Amazon recently announced the arrival of a new Live Translation feature for Alex, permitting people to speak in different languages to converse through Alexa. The internal AI becomes your interpreter, translating each side of the conversation.
With the arrival of the new feature, a customer will be able to ask Alexa to initiate sessions with translation using a pair of languages. During the conversation, Alexa can automatically identify the language being spoken, and translate in real-time. The launch starts with 6 pairs of languages, including Hindi, Brazilian Portuguese, Italian, German, French, Spanish, and English.
Live Translation takes advantage of various existing tools in Amazon, including the ASR system for Alexa, Alexa Text-to-Speech, and Amazon Translate.
Discovering Alexa Live Translation
During a session of Live Translation, Alexa uses two ASR modes along with another model for language identification. The technology can automatically deal with two ASR models at once, and based on the ID model of the language, only one output reaches the translation engine, reducing the risk of latency for the translation request.
During production, Amazon discovered that the model for language IDs works best when based on both acoustic speech information and the output of two ASR models. The ASR can help speakers of a non-native language who have consistent acoustic properties to their speech.
Once the language ID system has selected an output, it’s processed through Amazon Translate and passed to Alexa for playback via text-to-speech. Like most ASR systems, the ones used for live translation by Amazon include both a language and acoustic model. The language model encodes probabilities for specific strings of words, while the acoustic model converts audio into phonemes.
Delivering a Detailed Outcome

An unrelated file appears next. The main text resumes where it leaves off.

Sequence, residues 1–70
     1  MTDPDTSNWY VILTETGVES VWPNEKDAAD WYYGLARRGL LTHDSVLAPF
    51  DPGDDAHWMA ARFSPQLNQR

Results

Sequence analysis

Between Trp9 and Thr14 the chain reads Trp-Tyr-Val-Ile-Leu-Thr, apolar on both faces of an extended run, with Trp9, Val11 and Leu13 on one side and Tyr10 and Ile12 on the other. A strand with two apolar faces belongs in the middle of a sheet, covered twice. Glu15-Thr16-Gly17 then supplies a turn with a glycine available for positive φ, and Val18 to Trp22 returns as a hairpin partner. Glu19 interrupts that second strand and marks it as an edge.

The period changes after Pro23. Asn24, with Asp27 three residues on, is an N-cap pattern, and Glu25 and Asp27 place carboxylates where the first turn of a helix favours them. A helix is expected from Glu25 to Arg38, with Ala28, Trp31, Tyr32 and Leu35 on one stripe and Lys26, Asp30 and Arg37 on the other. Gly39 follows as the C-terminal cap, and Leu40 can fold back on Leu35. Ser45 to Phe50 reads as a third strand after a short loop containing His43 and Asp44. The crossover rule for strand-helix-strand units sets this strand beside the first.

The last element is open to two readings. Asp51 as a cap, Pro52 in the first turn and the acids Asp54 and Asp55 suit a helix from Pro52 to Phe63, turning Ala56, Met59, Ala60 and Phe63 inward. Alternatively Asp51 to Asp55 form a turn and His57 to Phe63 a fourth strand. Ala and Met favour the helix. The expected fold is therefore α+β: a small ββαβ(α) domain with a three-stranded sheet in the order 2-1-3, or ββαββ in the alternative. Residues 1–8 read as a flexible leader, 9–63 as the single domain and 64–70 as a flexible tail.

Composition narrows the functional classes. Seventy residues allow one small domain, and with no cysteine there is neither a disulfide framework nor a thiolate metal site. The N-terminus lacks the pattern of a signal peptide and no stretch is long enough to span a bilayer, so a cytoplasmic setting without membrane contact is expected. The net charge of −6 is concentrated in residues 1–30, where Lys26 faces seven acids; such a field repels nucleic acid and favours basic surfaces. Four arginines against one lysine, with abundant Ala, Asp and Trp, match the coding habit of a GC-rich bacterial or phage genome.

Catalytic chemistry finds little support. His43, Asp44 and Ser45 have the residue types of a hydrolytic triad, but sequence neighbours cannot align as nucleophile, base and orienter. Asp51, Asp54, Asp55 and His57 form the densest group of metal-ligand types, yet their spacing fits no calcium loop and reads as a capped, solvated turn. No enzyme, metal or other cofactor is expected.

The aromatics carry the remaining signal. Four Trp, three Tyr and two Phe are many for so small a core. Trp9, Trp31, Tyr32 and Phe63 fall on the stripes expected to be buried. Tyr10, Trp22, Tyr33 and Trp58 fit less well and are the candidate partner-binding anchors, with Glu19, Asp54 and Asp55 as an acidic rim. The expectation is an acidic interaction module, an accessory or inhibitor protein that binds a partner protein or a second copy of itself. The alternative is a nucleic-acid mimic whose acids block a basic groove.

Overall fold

Each of the ASR systems in Amazon’s solution also come with two language models, one traditional option for encoded probabilities of short word strings, and one neural model. The Neural model can handle longer strings. These models have been trained to handle a wide range of conversational speech topics.
Amazon also modified the end-pointer on Alexa, which determines when customers are done talking. This usually distinguishes between the end of a sentence and a pause. However, for Live Translation, the pointer can now tolerate longer pauses from people in longer conversations.
Amazon Translate’s neural machine translation system was previously designed to work with text input, and the Live translation system adjusts for disfluencies as a result. In the future, Amazon will continue to explore new ways of improving the Live Translation experience even further, working with things like semi-supervised learning models.
Amazon has further explained that to improve the robustness and fluency of the translation, it’s working on adapting the neural translation engine to manage more conversational speech data, as well as generate translations with better context. This might include tone of voice and formal or informal translations.